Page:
Intestinal villi. Small finger-like projections that extend into the lumen of the small intestine. Gut bacteria, flora, microbiome. 3d illustration.
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Research led by the University of Chicago shows an artificial intelligence (AI) driven “digital twin” modeling the infant microbiome can predict neurodevelopmental problems later in infancy.

Using data on very early gut microbiome composition from fecal samples from preterm babies the digital twin predicted later microbiome composition and associated neurodevelopmental deficits with a good degree of accuracy.

“You can only get so far by looking at snapshots of the microbiome and seeing the different levels of how many bacteria are there, because in a preterm infant, the microbiome is constantly changing and maturing,” said Ishanu Chattopadhyay, assistant professor of medicine at the University of Chicago and lead author of the Science Advances study, in a press statement.

“So, we developed a new approach using generative AI to build a digital twin of the system that models the interactions of the bacteria as they change.”

The research is still at an early stage, but if verified the team believes it could help predict which babies may need microbiome transplantation at an early stage to help improve their neurodevelopment.

“Increasing evidence suggests that microbial dysbiosis contributes to the development and progression of numerous diseases, ranging from facilitating essential digestive processes to regulating the central nervous system through the microbiota-gut-brain axis,” write the authors.

“While the microbiome’s role in brain development and the significance of microbial dysbiosis in neuroinflammation and neurodevelopmental disorders have been observed, including in preterm births, the specific mechanistic pathways operating along the gut-brain axis are yet to be fully understood.”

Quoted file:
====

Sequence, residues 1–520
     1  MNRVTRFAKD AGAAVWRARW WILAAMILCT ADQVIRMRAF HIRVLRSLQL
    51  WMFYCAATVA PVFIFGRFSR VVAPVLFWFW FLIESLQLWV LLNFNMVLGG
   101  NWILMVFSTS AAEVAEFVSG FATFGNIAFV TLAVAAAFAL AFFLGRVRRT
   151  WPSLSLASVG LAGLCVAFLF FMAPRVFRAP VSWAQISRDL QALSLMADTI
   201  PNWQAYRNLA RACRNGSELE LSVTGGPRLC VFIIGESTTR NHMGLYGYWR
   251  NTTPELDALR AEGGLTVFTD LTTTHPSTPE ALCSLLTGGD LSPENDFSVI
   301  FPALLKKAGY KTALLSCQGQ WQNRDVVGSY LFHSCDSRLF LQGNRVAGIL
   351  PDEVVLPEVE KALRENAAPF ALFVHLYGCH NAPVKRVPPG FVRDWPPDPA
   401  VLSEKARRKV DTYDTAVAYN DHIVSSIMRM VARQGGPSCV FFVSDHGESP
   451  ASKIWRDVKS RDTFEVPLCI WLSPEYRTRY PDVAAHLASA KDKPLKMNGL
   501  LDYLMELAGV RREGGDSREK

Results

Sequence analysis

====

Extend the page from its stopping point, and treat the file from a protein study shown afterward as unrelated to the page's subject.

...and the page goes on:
To try and improve knowledge of this area, Chattopadhyay and colleagues used 16S ribosomal RNA profiles extracted from 398 fecal samples taken from 88 preterm babies to inform and train the digital twin model. The data came from babies who went on to develop neurodevelopmental problems, as well as babies who developed normally, allowing the AI to learn to predict potential developmental issues in newborn babies.

The team found that the digital twin was able to predict risks for suboptimal development and poor head circumference growth with a 76% area under the receiver operator characteristic curve score. It had a 95% positive predictive value and 98% specificity at 30 weeks gestation.

The researchers calculated that early microbiome transplantation could potentially have helped around 45% of the cohort avoid developmental problems, but this would need to be validated in future work, particularly as incorrect supplementation could have adverse effects.

“You can’t just give probiotics and hope that the developmental risk is going to go down,” Chattopadhyay said. “What you are supplanting is important, and for many subjects, you also have to time it precisely.”

The researchers say the digital twin model has the potential to focus research on a smaller number of potential treatments or treatment targets in the gut microbiome. This could reduce the time for development of therapies significantly compared with current timelines.

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